Elephant Temple (đền Voi Phục) in the South worships Linh Lang— the 4th son of King Lý Thánh Tông. Built in 1065, the Temple has gone through many renovations, especially from damage during French colonial period. Visitors can see a pair of bowing elephants at the front door.
Kim Lien Temple (đền Kim Liên) in the North honors Cao Son Dai Vuong—a son of Lac Long Quan and Au Co—the first ancestors in Vietnamese mythology. Built around the 16 to 17th century, the Temple has the architectural style of the Nguyen Dynasty.
Quan Thanh Temple (đền Quán Thánh) or Tran Vu Temple is in the East and worships Huyền Thiên Trấn Vũ—the God of the North Star Polaris. Built in 1010, the Temple features a 4-meter bronze statue cast by smiths from Ngũ Xã Village about 3 centuries ago.
21. Traditional Handicraft Villages
Traditional handicraft villages are an invaluable national legacy. Whether you’re visiting one on tour or on a spontaneous adventure, these villages are sure to bring you a unique and interesting experience.
Not only can you observe traditional manufacturing, but you can join in and learn how to make your own pottery, hat, or basket.these are also places for picking up unique souvenirs.
Bat Trang Ceramic Village (làng gốm Bát Tràng) is the birthplace of world-famous Bat Trang Ceramic dating back 1 000 years. There are factories around that offer a quick pottery class if you’re on a tour, and the local markets are not as touristy.
Van Phuc Silk Village (làng lụa Vạn Phúc) was adored by royalties 1000 years ago, and their merchandise was exported far afield.
Chuong Conical Hat Village (làng nón Chuông) is famous for its signature Vietnamese non la or conical hat. Visitors can come to observe the craftsman and learn how to make a non la for themselves.
22. Flower Gardens Along Red River Banks
Red River in Hanoi has been an agriculture center for thousands of years, with many fields and gardens along the banks. Due to trends among the younger generations, some fields and gardens offer photoshoot and day camping services.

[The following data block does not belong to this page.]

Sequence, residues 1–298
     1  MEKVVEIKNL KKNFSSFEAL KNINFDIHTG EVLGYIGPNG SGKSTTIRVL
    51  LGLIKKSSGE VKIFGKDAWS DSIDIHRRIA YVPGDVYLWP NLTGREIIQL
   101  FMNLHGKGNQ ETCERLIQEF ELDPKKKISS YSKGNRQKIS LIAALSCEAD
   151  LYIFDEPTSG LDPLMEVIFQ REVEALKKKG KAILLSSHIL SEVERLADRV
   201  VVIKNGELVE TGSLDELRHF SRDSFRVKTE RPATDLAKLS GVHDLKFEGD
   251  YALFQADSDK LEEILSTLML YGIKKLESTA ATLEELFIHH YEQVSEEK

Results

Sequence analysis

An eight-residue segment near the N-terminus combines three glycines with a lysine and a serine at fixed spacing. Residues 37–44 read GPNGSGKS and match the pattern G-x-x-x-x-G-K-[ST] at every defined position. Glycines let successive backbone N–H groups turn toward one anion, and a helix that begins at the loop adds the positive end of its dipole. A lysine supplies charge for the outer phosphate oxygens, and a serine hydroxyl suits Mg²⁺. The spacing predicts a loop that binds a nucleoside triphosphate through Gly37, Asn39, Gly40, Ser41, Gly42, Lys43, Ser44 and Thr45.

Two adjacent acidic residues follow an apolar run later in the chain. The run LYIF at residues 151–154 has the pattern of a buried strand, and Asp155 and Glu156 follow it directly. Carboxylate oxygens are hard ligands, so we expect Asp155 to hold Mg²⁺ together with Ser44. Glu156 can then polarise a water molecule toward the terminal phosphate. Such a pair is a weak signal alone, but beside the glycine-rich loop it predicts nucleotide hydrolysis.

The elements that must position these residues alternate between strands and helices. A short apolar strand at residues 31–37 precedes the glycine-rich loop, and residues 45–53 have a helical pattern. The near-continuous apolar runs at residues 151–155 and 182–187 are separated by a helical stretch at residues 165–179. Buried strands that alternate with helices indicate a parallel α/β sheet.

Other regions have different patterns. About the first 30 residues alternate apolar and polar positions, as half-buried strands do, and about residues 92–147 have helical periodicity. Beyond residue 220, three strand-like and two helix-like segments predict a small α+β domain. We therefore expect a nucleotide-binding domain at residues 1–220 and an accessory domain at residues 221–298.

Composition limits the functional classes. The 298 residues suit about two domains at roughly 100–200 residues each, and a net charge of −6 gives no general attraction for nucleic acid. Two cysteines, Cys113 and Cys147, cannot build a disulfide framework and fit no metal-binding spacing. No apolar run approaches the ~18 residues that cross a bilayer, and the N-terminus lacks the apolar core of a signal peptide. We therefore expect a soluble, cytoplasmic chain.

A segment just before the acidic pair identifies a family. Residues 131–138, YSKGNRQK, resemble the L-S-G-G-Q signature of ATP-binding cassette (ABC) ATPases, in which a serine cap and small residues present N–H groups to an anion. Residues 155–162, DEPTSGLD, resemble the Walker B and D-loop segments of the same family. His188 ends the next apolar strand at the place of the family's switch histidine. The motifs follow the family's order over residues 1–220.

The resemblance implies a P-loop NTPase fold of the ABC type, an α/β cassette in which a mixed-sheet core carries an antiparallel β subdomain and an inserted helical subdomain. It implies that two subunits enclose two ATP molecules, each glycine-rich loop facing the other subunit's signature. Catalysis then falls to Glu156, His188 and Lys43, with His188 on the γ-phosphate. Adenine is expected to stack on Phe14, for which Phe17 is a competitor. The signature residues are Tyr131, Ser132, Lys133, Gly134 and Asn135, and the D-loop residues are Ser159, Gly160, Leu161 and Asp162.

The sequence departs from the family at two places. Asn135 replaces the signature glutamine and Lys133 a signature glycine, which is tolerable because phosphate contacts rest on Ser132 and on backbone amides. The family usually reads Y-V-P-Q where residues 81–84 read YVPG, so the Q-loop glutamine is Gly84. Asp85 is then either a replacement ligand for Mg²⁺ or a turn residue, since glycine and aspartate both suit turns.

Red River Bedrocks Botanical Garden (Vườn hoa bãi đá sông Hồng) is 6km away from the city center and filled with seasonal flowers. There’s a windmill and giant trees with swings and it’s ideal for photoshoots and picnics. There’s a small entrance fee for some gardens.
Long Bien Longan Garden (Vườn nhãn Long Biên) started out as a private garden 7km away from the city center and gained popularity as a place for wedding photos. The garden is open to visitors coming in for photoshoots and picnics, especially on beautiful sunny days.
Entrance fee for a photoshoot team of 7 people is cheaper than individual tickets. There are only fast food establishments around so remember to pack some food and drinks if you’re also aiming for a picnic.
23. Easy Hiking in Tram Mountain
Tram Mountain (núi Trầm) is an excellent spot for day hiking or overnight camping. It’s about 22km away from the city center.
The most convenient way to get here is to book a Grab to the shop at the bottom of the mountain where parking is also available. There’s also a service for renting tents, other camping equipment, or a gas stove and grill for barbecues.
The Mountain looks amazing year-round but the ideal time is around March to May when the weather is nice and flowers bloom. It’s not very steep and there are trails leading to the top on every side, but a good pair of hiking shoes is always necessary.
Protip: To save the trouble, you can probably store your luggage for a day or so at your hotel. Make sure to bring warm clothes, especially for the night.
24. Ba Vi National Park
Ba Vi National Park (Vườn quốc gia Ba Vì) is a place to spend a day in nature amongst other attractions such as a cactus garden, ruins of an old French church, and temples. The entrance is about 60km from the city center.